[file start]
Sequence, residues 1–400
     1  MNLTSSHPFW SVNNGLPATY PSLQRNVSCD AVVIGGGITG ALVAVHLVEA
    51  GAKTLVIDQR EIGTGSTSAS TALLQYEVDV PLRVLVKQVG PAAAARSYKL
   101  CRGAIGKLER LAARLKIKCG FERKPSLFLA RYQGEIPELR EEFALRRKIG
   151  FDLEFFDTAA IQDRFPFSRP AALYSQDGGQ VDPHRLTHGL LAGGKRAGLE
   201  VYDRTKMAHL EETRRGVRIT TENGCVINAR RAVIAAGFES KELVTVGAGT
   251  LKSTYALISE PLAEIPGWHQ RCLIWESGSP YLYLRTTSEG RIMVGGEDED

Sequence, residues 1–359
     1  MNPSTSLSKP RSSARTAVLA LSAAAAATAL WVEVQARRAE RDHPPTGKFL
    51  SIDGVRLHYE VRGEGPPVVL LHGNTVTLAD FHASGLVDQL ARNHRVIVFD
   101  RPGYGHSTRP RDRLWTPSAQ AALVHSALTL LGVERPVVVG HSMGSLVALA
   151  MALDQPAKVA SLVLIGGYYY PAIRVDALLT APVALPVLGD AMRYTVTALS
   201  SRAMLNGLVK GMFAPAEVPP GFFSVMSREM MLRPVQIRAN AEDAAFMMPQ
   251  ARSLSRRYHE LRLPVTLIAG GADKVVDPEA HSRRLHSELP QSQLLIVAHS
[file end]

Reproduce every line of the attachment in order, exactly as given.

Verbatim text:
Sequence, residues 1–400
     1  MNLTSSHPFW SVNNGLPATY PSLQRNVSCD AVVIGGGITG ALVAVHLVEA
    51  GAKTLVIDQR EIGTGSTSAS TALLQYEVDV PLRVLVKQVG PAAAARSYKL
   101  CRGAIGKLER LAARLKIKCG FERKPSLFLA RYQGEIPELR EEFALRRKIG
   151  FDLEFFDTAA IQDRFPFSRP AALYSQDGGQ VDPHRLTHGL LAGGKRAGLE
   201  VYDRTKMAHL EETRRGVRIT TENGCVINAR RAVIAAGFES KELVTVGAGT
   251  LKSTYALISE PLAEIPGWHQ RCLIWESGSP YLYLRTTSEG RIMVGGEDED

Sequence, residues 1–359
     1  MNPSTSLSKP RSSARTAVLA LSAAAAATAL WVEVQARRAE RDHPPTGKFL
    51  SIDGVRLHYE VRGEGPPVVL LHGNTVTLAD FHASGLVDQL ARNHRVIVFD
   101  RPGYGHSTRP RDRLWTPSAQ AALVHSALTL LGVERPVVVG HSMGSLVALA
   151  MALDQPAKVA SLVLIGGYYY PAIRVDALLT APVALPVLGD AMRYTVTALS
   201  SRAMLNGLVK GMFAPAEVPP GFFSVMSREM MLRPVQIRAN AEDAAFMMPQ
   251  ARSLSRRYHE LRLPVTLIAG GADKVVDPEA HSRRLHSELP QSQLLIVAHS